NEEDLEPOINT: The history of Native American jewelry would not exist without the Zuni. In ancient times, all trails led to Zuni. The Spaniards believed the village was one of the “Seven Cities of Gold,” so invaded only to find the Zuni encrusting stones and shell atop fanshell. BUT no gold. Interestingly, the lapidary of the Zuni WAS the gold, hence the trails.
That historic lapidary skill seems endemic among the Zuni. Nearly every home is a mini-workshop replete with stone cutting tools. Zuni is a most industrious village!
One much appreciated challenge among Zuni lapidarists is the cutting of an elongated turquoise shaft called NEEDLEPOINT. As a crystalloid, turquoise has a brittle hardness, so in thin situations suffers fracture. Some Zuni artisans have mastered the NEEDLEPOINT dilemma with skill and dexterity. Although loss factor is high, once cut, the Zuni safely mount each into a secure sawtooth bezel, protecting the stone.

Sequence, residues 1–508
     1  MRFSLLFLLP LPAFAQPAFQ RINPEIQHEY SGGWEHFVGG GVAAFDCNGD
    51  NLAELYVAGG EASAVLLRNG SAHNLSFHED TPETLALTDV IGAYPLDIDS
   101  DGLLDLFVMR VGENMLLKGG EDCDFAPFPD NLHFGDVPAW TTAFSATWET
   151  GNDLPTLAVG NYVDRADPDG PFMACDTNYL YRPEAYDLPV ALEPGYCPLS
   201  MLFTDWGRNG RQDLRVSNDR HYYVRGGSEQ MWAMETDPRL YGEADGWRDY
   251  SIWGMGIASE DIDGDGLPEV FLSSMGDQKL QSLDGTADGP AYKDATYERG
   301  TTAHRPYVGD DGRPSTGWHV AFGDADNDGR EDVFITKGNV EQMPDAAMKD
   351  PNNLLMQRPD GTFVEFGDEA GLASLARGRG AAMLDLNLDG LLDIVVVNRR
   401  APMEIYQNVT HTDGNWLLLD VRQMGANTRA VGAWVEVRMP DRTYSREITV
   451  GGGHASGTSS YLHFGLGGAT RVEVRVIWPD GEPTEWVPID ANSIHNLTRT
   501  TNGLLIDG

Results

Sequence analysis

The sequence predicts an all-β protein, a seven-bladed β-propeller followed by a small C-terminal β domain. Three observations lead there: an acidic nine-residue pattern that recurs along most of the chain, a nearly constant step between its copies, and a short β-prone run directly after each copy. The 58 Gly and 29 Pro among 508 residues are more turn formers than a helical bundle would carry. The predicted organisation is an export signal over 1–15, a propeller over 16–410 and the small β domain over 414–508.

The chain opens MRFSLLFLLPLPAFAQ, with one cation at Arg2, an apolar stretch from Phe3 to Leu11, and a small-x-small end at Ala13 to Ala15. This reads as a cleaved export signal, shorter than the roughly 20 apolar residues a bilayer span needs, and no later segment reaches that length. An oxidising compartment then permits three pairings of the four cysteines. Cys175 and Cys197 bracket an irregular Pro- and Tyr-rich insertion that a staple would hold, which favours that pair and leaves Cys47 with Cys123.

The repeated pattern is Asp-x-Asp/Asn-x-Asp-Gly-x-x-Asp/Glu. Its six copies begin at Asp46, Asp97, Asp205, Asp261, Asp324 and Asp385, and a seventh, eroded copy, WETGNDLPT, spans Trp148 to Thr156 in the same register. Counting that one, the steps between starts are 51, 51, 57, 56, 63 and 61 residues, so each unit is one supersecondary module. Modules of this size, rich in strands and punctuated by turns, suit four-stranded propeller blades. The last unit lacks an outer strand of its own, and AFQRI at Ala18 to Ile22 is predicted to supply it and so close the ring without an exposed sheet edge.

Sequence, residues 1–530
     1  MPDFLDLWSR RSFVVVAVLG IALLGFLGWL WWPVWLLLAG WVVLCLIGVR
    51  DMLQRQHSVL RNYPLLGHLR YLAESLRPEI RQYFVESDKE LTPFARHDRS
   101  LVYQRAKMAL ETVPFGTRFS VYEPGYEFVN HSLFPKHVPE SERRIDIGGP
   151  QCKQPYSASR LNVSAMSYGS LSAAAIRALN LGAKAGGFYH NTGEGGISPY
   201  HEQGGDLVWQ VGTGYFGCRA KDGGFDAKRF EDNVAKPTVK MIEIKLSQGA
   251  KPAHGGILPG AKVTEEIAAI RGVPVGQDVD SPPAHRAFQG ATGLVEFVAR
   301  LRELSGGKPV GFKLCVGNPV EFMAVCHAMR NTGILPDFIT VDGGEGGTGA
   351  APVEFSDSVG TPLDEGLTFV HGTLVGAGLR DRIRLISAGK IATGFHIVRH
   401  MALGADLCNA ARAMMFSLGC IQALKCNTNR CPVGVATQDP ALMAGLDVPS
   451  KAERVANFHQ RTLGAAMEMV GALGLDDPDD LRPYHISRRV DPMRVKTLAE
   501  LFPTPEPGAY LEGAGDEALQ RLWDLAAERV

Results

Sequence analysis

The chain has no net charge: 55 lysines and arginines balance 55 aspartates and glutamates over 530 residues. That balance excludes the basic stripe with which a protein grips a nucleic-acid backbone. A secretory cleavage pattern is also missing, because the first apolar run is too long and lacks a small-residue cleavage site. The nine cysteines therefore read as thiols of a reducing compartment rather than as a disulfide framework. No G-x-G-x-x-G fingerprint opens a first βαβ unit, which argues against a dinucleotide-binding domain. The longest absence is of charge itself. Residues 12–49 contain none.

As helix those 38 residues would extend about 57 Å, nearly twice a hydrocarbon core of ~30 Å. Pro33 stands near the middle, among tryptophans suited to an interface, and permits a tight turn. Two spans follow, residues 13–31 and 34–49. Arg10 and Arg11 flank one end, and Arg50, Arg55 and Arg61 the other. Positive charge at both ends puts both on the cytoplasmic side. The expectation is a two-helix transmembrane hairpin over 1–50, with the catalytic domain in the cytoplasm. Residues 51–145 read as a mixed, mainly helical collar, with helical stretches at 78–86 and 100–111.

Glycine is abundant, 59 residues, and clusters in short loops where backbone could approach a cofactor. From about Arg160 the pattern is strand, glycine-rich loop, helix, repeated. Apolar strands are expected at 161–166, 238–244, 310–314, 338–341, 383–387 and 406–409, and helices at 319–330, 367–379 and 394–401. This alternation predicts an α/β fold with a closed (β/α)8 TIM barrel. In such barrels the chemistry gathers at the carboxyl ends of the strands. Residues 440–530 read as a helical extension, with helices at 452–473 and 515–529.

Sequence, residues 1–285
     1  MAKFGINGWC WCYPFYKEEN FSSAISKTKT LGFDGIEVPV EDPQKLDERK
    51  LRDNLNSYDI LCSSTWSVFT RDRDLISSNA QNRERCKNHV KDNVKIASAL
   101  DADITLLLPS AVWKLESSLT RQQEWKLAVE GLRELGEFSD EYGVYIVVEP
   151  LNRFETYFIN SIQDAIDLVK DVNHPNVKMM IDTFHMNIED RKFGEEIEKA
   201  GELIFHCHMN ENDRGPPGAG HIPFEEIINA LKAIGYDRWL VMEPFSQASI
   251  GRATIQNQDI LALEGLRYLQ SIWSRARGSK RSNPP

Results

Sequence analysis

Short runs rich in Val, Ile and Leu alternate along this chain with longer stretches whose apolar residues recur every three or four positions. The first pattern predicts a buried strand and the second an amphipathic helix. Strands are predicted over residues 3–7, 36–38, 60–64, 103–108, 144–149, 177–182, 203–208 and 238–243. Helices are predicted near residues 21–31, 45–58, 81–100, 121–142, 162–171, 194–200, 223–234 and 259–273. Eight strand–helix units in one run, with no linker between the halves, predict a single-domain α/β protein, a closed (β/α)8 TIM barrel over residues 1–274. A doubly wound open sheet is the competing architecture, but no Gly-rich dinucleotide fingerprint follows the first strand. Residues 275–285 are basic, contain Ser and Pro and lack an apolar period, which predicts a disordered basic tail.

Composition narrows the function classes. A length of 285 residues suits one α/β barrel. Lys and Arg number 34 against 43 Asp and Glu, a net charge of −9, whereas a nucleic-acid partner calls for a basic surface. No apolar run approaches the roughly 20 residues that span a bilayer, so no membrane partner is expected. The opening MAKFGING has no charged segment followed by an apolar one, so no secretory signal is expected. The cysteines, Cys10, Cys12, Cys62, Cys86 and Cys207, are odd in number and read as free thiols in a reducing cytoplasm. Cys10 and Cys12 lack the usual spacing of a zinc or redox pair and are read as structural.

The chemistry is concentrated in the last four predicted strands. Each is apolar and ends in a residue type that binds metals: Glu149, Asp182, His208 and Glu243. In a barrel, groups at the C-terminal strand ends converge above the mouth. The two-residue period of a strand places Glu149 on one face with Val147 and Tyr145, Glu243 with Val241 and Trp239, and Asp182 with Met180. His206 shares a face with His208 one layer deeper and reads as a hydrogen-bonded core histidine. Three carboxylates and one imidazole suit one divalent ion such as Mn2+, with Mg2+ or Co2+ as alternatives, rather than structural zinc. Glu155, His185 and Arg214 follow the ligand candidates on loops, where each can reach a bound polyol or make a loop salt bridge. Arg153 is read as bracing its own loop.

Artisans then arrange their stones into pleasing and useful jewelry, adding a high level of various silversmithing skills.
This choker exemplifies the orderly and skillful talents of top grade Zuni lapidary and silver work featuring glittering silver dangles Beautiful!
Excellent condition, 16”-18” in length. Circa1980s. Natural Sleeping Beauty turquoise.
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